In some previous post we saw how we can manipulate BGP paths using attributes for outgoing traffic. Today we will see how to use another BGP attribute, but this time for manipulating inbound traffic. First I would like to ask you to have a look into the topology file and also to check the config files (if you have a basic idea about how BGP is configured that you don’t need the config files).
From the table above:
we see that the attributes needed for inbound traffic manipulation are AS-Path and MED. Today we will use AS-Path for traffic manipulation (MED sometime in closer future).
Beside using BGP attributes, there are other ways to manipulate traffic and paths in a BGP environment, but usually this need that the provider will support your actions. As an example to understand, you can do route tagging in your network (for example in MPLS on your CE) and your ISP will apply rules based on different tags (on PE side), but this is out of the scope of this tutorial and will be discussed maybe in another tutorial.
For our test environment, that you see in the topology, we advertise everything into BGP domain, exactly as draw, so there will be no problems of reachability.
Please see the tutorial and explanations below:
Before going further on, please download the topology and the initial configuration files and have a close look into them (mostly into topology drawing). Also, this tutorial is addressed to people that know what is BGP and how to do a basic configuration for peering establishing.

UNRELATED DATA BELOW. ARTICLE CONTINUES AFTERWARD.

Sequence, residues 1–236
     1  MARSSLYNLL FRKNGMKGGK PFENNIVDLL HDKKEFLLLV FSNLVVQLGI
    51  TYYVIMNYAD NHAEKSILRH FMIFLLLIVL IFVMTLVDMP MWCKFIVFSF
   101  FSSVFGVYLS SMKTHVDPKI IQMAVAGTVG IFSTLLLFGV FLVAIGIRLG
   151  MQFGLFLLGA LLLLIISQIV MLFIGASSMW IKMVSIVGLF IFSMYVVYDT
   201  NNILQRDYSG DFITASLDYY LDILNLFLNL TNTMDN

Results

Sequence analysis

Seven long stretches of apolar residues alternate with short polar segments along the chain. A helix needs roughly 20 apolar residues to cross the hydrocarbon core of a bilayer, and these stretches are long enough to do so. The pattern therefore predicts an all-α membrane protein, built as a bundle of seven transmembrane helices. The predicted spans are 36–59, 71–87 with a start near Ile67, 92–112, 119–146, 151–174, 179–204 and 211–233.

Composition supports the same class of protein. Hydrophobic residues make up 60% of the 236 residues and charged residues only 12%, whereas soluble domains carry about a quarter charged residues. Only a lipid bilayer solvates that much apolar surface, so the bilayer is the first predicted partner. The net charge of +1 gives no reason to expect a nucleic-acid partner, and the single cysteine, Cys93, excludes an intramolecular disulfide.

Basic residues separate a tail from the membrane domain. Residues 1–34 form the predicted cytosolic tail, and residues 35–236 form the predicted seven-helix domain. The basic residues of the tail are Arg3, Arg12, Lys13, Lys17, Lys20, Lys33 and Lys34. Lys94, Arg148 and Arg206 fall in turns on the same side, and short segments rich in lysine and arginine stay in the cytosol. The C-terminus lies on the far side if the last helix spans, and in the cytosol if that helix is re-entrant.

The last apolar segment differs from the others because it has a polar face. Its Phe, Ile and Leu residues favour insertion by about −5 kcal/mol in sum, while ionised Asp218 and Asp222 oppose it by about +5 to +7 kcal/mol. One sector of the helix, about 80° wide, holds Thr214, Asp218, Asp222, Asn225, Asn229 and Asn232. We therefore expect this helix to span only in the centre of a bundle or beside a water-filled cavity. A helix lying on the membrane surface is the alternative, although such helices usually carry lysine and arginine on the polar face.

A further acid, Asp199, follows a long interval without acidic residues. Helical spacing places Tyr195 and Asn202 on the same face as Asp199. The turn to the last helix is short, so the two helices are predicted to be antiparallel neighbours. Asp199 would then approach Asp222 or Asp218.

For modifying the BGP automate selection of the best path, we have to modify some of BGP attributes from the table below:
Since today we will deal with outgoing traffic, we are interested in Weight and Local preference attributes, which we have to modify to reach our desired result. For the incoming traffic I will make another tutorial in some days.
So, let assume that we have some networks in the LAN after R1 in the topology and we advertise this into the BGP network. On R3, we will learn this prefixes by the way of R1 as it is the shortest path. But in our case the shortest path does not mean the fastest one. As you can see the connection between R1 and R3 is a Serial connection (let’s assume E1). The connections between R1 – R2 and R2 – R3 are FastEthernet connections. Even if this a longer path, for us would be better to reach the LAN subnets in behind R1 through R2, as this is more faster (bigger bandwidth and lower latency). We will force the outgoing traffic through R2 by modifying the Weight and Local preference attribute.
Please see the tutorial below: